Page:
Obama is in an interesting situation. He allied himself with a raving, anti American, racist loon. He associated with an unrepentant terrorist, and he never challanged his state's corrupt Democratic machine. On the other hand he managed to associate with Wright without ever personally doing anything anti white or anti American. He associated with Ayers without ever personally saying anything anti American or condoning terrorism (except to the degree that associating with Ayers is doing such things). He joined Chicago's corrupt Democratic establishment without ever(as far as we know) breaking any laws. That he associated with such freaks, monsters and crooks without acting like a freak, monster, or crook is pretty impressive. He must have resisted alot of temptations to say or do stupid, evil, or dirty things. It is a fair standard to say that Obama should be judged by his own actions rather than those of his associates.

It is a fair standard, but not one that is fairly applied. Imagine if a politician whose party and ideology was less congenial to the media. Imagine this politician is a she whose last name begins P. Imagine if she belonged to a racist anti black church. Imagine if she associated with a notorious, unrepentant abortion clinic bomber. Imagine if she fit comfortably into her state's corrupt political establishment rather than fighting against it. I doubt it would save her national aspirations to note that she never said anything racist, always opposed terrorism and never took dirty money. The narrative of guilt by association would be looped forever and totally define her.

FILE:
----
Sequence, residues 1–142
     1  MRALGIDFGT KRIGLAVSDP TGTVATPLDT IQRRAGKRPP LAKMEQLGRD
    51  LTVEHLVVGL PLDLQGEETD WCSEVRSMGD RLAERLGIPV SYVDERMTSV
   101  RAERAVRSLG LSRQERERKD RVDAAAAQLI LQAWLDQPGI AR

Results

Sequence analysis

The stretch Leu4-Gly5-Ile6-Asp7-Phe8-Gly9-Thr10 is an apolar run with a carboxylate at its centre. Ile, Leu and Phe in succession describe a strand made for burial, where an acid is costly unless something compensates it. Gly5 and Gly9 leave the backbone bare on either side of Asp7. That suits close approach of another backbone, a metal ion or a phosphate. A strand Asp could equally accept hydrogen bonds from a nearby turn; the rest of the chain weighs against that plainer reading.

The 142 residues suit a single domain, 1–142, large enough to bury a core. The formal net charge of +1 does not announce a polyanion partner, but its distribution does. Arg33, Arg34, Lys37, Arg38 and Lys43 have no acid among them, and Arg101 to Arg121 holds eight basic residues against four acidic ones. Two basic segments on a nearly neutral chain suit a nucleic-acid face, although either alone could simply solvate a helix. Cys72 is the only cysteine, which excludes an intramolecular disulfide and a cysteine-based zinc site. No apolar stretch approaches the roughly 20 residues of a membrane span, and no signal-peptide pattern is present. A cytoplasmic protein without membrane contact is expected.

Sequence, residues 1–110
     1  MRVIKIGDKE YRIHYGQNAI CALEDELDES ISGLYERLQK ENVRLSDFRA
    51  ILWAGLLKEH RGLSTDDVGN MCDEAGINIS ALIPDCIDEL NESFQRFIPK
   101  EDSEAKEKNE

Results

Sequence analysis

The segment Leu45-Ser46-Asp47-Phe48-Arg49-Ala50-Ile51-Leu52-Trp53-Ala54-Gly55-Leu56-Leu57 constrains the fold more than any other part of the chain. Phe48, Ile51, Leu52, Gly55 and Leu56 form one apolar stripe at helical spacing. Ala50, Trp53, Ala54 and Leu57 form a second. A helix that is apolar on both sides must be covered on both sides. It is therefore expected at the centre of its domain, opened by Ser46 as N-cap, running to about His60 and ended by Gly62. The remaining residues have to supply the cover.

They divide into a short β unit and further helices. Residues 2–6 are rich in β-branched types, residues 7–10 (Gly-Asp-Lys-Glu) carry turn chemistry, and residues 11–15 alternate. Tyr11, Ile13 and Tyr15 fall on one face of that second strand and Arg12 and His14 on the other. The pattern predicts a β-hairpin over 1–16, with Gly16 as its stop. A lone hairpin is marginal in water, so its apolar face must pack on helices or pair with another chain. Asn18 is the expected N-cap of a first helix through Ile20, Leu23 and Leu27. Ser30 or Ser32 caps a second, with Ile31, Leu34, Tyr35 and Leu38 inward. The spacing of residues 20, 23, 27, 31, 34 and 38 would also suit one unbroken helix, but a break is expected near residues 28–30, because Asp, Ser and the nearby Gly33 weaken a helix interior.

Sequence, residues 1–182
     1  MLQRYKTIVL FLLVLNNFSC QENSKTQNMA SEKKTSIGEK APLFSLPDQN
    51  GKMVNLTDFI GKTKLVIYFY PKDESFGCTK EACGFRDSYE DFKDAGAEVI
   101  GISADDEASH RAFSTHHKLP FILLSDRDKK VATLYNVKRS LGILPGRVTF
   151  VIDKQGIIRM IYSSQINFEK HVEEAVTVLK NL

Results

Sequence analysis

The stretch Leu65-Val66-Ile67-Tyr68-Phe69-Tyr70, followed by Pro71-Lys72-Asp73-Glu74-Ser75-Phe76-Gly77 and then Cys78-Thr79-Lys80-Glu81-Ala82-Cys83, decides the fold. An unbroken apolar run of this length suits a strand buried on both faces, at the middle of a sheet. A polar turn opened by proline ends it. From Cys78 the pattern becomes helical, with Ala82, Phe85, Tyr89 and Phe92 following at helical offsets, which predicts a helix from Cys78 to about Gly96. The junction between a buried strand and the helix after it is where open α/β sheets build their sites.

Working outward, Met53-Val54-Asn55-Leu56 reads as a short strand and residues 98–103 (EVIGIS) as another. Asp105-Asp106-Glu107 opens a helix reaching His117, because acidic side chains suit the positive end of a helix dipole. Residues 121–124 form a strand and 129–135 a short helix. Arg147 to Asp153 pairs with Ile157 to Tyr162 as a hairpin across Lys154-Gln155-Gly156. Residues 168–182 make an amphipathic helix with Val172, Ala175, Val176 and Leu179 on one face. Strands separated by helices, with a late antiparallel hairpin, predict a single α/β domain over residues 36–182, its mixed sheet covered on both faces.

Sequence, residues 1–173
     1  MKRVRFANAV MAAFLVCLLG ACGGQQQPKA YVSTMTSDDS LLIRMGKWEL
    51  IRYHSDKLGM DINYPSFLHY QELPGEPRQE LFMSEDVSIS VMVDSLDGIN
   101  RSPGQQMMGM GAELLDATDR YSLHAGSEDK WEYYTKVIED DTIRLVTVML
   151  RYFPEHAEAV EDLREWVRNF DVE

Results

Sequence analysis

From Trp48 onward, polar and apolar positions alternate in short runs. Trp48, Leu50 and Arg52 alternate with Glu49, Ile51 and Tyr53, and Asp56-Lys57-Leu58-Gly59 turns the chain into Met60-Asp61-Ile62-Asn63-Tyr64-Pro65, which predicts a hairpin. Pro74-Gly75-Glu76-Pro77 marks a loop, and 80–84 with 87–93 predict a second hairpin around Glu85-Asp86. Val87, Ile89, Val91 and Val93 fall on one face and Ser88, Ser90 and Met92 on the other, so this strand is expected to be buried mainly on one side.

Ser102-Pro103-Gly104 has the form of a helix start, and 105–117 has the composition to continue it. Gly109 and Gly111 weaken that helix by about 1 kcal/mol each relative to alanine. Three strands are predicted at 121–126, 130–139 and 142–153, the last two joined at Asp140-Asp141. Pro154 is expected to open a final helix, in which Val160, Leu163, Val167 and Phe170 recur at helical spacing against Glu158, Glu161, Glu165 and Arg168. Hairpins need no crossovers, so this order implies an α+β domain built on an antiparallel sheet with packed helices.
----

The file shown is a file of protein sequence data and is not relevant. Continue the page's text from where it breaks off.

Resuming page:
One can note Obama's political talents and the discipline of his character. But he is also benefiting from some major double standards.

That is very well-said, Pete. And I agree with every word of it. But the question remains, given this state of affairs, what is the best course of action to pursue? How do we conduct ourselves in light of it? Does it do any good to point this out? I think we have to be very careful about making this argument now--not because it is not true, but because it is getting tiresome. It almost seems that we have reached a point where persuasion is no longer possible. Everyone on our side of the divide acknowledges the prejudice of the other side. But so do those on the other side and they embrace it! Pointing it out does not persuade them of their injustice. They seem to say that their guy can and should be measured by a different standard because the substance of his intentions are to be presumed good. If you disagree, you are just cynical. What do you do with that?